Cable saw for pelvic bone

Jack Straw

Senior Member
Thread starter #1
Has anyone tried one of these for splitting pelvics? How well did it work? I'm also wondering if it is the same thing as a PVC cable saw which can be found at home improvement stores for a third of the cost of a cable saw out of a hunting catalog. Oh sure, you don't get the nice camo pouch to carry it in...
 

NOYDB

Senior Member
#2
Shhh! You're giving away their gimmick.

How could you possibly carry it in anything other than a camo pouch. Why if it weren't camo, the deer would see it right inside your pocket or pack.....

Oh.. they do work, both kinds.
 
#3
I don't split the pelvis for three reasons. One, it's a pain in the butt. Two, it leaves bone dust on the meat which I've heard causes the meat in that area to taste bad. Three, I don't have to remove the bladder or the rectum.

I remove the hams from the pelvis by following the bone and disjointing the ball and socket joints.
 

Jack Straw

Senior Member
Thread starter #5
I don't split the pelvis for three reasons. One, it's a pain in the butt. Two, it leaves bone dust on the meat which I've heard causes the meat in that area to taste bad. Three, I don't have to remove the bladder or the rectum.

I remove the hams from the pelvis by following the bone and disjointing the ball and socket joints.
I certainly agree with reasons #1 and 3 above, but I have never heard of #2. However, it sounds like you process your own which I don't do. Does this technique work well for field dressing only?
 

7Mag Hunter

Senior Member
#7
Same as Dead Eye Eddy...Why go to the trouble and contaminate
the meat with bone dust and bone marrow....
After removing the backstraps, make a simple/single cut around
the ham, and cut the small flap of cartilage holding the ball in the
socket.....
 

Jack Straw

Senior Member
Thread starter #9
but do you want to be the first case?
Only if it involves a long series of painful shots...:eek:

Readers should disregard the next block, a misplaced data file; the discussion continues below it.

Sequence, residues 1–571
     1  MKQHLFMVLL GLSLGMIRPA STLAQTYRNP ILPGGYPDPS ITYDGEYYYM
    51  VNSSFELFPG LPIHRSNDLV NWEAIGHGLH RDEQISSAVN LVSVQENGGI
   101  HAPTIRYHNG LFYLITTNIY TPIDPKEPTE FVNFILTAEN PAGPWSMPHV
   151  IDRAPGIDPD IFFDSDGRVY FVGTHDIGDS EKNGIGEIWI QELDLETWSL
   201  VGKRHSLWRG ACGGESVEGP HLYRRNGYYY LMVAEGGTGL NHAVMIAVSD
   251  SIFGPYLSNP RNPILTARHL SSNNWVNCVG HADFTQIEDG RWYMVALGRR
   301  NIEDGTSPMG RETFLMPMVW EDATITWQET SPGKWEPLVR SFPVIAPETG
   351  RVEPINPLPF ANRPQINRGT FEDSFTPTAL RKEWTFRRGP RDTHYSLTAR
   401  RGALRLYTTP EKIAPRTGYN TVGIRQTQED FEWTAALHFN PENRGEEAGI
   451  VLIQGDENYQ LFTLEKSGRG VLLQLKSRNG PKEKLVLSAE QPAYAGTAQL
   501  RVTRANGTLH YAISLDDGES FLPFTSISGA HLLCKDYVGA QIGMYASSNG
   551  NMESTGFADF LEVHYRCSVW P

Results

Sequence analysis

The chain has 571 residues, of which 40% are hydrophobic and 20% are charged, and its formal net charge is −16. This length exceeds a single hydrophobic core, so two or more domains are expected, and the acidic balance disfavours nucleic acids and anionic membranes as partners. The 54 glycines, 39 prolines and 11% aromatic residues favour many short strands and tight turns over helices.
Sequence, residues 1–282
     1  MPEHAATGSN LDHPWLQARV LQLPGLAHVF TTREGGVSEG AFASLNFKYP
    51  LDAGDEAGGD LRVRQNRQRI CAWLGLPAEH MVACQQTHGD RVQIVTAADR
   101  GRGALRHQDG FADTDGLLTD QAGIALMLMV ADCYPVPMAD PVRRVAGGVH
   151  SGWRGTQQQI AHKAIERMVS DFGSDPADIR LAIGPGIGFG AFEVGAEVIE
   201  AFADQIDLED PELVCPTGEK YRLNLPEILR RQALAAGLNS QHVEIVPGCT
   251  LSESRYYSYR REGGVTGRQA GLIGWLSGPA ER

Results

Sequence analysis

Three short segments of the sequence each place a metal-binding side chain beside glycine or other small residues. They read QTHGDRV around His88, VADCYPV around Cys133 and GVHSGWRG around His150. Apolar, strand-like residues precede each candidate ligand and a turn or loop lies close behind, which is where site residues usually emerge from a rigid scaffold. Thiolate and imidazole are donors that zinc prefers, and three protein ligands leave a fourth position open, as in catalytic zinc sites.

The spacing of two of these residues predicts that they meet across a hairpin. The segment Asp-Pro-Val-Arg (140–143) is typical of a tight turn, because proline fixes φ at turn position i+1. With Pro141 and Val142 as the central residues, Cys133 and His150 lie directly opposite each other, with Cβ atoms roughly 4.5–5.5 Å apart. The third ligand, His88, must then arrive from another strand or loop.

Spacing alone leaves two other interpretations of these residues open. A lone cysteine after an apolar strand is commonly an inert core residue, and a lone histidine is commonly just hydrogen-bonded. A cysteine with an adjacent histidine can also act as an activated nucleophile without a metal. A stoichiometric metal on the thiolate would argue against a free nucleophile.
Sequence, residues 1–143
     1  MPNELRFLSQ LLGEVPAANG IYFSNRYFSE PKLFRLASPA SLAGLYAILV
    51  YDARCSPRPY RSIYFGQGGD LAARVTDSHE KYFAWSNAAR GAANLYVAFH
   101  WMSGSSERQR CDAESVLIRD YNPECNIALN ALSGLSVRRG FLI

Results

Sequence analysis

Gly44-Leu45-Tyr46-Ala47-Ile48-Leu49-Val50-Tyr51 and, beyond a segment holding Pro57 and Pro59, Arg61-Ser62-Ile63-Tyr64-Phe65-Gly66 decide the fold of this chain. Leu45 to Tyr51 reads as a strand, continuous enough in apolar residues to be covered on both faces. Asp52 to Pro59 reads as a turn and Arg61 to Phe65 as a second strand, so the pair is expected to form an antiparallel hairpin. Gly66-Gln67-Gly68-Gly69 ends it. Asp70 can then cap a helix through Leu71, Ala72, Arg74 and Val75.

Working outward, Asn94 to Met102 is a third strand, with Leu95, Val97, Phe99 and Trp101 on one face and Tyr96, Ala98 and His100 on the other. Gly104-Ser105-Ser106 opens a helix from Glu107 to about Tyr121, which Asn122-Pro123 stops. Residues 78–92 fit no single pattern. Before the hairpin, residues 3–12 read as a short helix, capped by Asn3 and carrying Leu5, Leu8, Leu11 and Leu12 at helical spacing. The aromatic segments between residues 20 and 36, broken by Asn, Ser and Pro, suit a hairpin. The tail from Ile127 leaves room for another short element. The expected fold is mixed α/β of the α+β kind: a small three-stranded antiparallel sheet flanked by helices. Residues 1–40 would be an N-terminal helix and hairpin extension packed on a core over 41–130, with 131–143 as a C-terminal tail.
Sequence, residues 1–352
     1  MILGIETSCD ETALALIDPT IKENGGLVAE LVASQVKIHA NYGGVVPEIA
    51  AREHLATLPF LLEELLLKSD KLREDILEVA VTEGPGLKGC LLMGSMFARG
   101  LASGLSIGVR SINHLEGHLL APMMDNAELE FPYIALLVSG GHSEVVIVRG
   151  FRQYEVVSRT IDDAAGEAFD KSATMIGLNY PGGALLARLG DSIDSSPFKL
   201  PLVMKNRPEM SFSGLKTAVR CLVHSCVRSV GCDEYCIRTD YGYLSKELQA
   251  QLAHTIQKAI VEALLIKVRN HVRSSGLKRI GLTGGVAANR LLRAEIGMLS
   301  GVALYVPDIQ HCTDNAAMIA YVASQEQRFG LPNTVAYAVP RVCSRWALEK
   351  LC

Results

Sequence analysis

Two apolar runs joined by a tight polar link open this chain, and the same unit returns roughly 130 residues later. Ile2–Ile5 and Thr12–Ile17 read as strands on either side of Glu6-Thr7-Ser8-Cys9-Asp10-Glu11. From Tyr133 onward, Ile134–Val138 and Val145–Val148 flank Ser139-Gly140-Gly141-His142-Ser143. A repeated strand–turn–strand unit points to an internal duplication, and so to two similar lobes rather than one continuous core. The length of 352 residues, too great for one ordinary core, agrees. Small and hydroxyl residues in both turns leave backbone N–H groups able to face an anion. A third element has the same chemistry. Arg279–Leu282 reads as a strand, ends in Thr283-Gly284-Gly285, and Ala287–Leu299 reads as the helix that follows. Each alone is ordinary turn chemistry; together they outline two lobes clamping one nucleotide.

How else can you field dress one without breaking the pelvic? That's the way I learned it and everyone I have hunted with has done that, but I am certainly open to new ideas.
 
#11
I have field dressed numerous deer and have never split the pelvis. You can remove the bladder and rectum by cutting around them from the outside and pulling them through the inside. It takes a little patience to not bust anything. I have read good things about the new "Butt Out" tool that Walmart sells for $10, but I haven't used it.
 

dawg2

AWOL ADMINISTRATOR
#12
Risk of human prion diseases is very low.
http://www.cdc.gov/ncidod/EID/vol10no6/03-1082.htm

I'd rather have a little "bone dust" in the carcass' anal cavity than a burst bladder or colon. Which contaminates the most?
The dust is gone with a quick rinse of clean water.
Not Prion disease. Takes a little more than water to get that off. It's called a funeral, and they run about $5,000-$6,000. And if you have seen the footage of people with it, it is pretty awful.

If you are taking it to a processor, you can cut a circle around the anus and genitals and reach in from the belly (once it's cleared out) and grab as far as you can, keeping the bladder pinched, and pull it into and then out of the gut cavity and toss it. Urine is sterile unless the deer is sick.

Prion disease is rare but I am not even going to play around with that. Cutting a pelvis can give you one more way to cut your hand as well.

If you do it yourself, bone it out.